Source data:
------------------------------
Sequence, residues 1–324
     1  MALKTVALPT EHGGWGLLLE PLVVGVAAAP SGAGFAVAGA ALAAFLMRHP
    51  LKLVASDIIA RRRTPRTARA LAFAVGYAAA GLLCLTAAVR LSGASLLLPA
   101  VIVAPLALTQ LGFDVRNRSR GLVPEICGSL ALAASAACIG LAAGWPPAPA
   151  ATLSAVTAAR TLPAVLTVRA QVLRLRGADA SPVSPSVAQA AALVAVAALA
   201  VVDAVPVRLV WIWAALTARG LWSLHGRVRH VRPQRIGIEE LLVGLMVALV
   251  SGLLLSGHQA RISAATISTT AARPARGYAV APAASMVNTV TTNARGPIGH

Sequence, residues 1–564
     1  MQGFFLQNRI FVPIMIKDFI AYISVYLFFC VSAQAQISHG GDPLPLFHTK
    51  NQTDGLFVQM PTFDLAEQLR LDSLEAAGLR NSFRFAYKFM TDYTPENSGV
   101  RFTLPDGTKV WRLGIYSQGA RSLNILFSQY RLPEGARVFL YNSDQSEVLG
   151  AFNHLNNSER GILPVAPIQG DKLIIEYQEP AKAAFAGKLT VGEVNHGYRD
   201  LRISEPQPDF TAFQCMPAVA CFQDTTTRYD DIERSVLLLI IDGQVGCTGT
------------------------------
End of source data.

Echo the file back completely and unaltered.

Sequence, residues 1–324
     1  MALKTVALPT EHGGWGLLLE PLVVGVAAAP SGAGFAVAGA ALAAFLMRHP
    51  LKLVASDIIA RRRTPRTARA LAFAVGYAAA GLLCLTAAVR LSGASLLLPA
   101  VIVAPLALTQ LGFDVRNRSR GLVPEICGSL ALAASAACIG LAAGWPPAPA
   151  ATLSAVTAAR TLPAVLTVRA QVLRLRGADA SPVSPSVAQA AALVAVAALA
   201  VVDAVPVRLV WIWAALTARG LWSLHGRVRH VRPQRIGIEE LLVGLMVALV
   251  SGLLLSGHQA RISAATISTT AARPARGYAV APAASMVNTV TTNARGPIGH

Sequence, residues 1–564
     1  MQGFFLQNRI FVPIMIKDFI AYISVYLFFC VSAQAQISHG GDPLPLFHTK
    51  NQTDGLFVQM PTFDLAEQLR LDSLEAAGLR NSFRFAYKFM TDYTPENSGV
   101  RFTLPDGTKV WRLGIYSQGA RSLNILFSQY RLPEGARVFL YNSDQSEVLG
   151  AFNHLNNSER GILPVAPIQG DKLIIEYQEP AKAAFAGKLT VGEVNHGYRD
   201  LRISEPQPDF TAFQCMPAVA CFQDTTTRYD DIERSVLLLI IDGQVGCTGT